Our days with the children at our little yellow school are far from dull. No two days are alike. Each day is filled with moments that range from funny to special moments that are simply unforgettable. The following are some of the funny things the children have said that make it hard for us to keep a straight face.
Three year old M. is the brother of one of this year's graduates. Older brother D. will be graduating from our school in June and entering grade one. M. wants to be just like his brother.
One day I was in the half day class and M. comes close to me and starts tugging on my sweater. He looks up at me and says "I''m a gladulate!" (He means graduate.) He was so proud.
A. celebrated her birthday in the Fall. Weeks before her birthday, A. was explaining how old she was to me.
A.: On my birthday I will turn five. Right now I am
four and nine quarters.
Mrs. P.: Are you really four and nine quarters? Are you
sure you aren't four and three quarters?
A.: I'm sure. I'm four and nine quarters.
Three year old K. is new to our school. English is her second language. Her parents were asking her about school and this is what K. had to say.
K.'s Parents: Do you understand the teachers at school?
K.'s Parents: How do they speak to you?
K.: They speak to me in Chinese!
Needless to say, none of the teachers at school know how to speak Chinese beyond Happy New Year - Gung Hay Fat Choy.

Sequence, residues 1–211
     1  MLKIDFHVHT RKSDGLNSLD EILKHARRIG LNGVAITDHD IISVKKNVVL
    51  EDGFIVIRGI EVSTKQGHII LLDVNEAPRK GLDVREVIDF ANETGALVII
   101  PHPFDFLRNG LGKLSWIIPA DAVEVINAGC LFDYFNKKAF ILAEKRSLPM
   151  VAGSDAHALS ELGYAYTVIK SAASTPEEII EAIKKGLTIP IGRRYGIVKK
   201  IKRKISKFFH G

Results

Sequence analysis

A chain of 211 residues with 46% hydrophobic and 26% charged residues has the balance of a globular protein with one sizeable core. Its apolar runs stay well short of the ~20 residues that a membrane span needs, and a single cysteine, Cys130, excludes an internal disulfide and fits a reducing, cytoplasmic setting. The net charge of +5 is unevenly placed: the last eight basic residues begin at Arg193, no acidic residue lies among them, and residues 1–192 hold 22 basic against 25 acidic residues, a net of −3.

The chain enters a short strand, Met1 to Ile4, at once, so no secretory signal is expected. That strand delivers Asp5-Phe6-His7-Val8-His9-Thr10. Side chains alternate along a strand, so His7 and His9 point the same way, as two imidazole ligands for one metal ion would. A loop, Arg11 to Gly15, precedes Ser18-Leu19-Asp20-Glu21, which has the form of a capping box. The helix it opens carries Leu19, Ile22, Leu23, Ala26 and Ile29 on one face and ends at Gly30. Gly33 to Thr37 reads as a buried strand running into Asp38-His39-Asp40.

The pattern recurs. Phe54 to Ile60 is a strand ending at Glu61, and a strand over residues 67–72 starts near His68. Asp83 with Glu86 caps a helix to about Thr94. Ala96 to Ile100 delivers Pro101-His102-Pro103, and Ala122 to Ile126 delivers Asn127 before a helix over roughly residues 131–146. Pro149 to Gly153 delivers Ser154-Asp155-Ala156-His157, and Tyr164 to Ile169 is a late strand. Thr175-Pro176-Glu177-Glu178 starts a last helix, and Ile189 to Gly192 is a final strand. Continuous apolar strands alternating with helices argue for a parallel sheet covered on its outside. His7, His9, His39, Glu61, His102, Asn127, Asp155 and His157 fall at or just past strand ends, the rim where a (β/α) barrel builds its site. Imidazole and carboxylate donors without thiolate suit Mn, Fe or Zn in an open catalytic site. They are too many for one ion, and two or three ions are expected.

In the full day class one of our oldest students, Z., has really been taking her role as an older student seriously. She is like a mother hen to all of the young students who began with us in September. She particularly likes M. and tries her best to keep him focused and working in the classroom. This is what Z. had to say about three year old M.
Z.: M. is so cute but sometimes he can be silly.
(Note: Silly can cover a myriad of behaviours from running in the classroom to being funny.)
Mrs. P.: M. is new here and one of the youngest children.
He is doing very well at school.
Z.: Yes, but it is so hard to concentrate him!
Three and a half year old M. went to visit her mother's school. Her mother is a teacher who teaches upper elementary students. The day after her visit I asked M. how it was.
M.: You know, at my mom's school they think I am
Mrs. P.: Yes, I can imagine that they do. You know, when
I see you here at our school, I think you are so
M.: I know!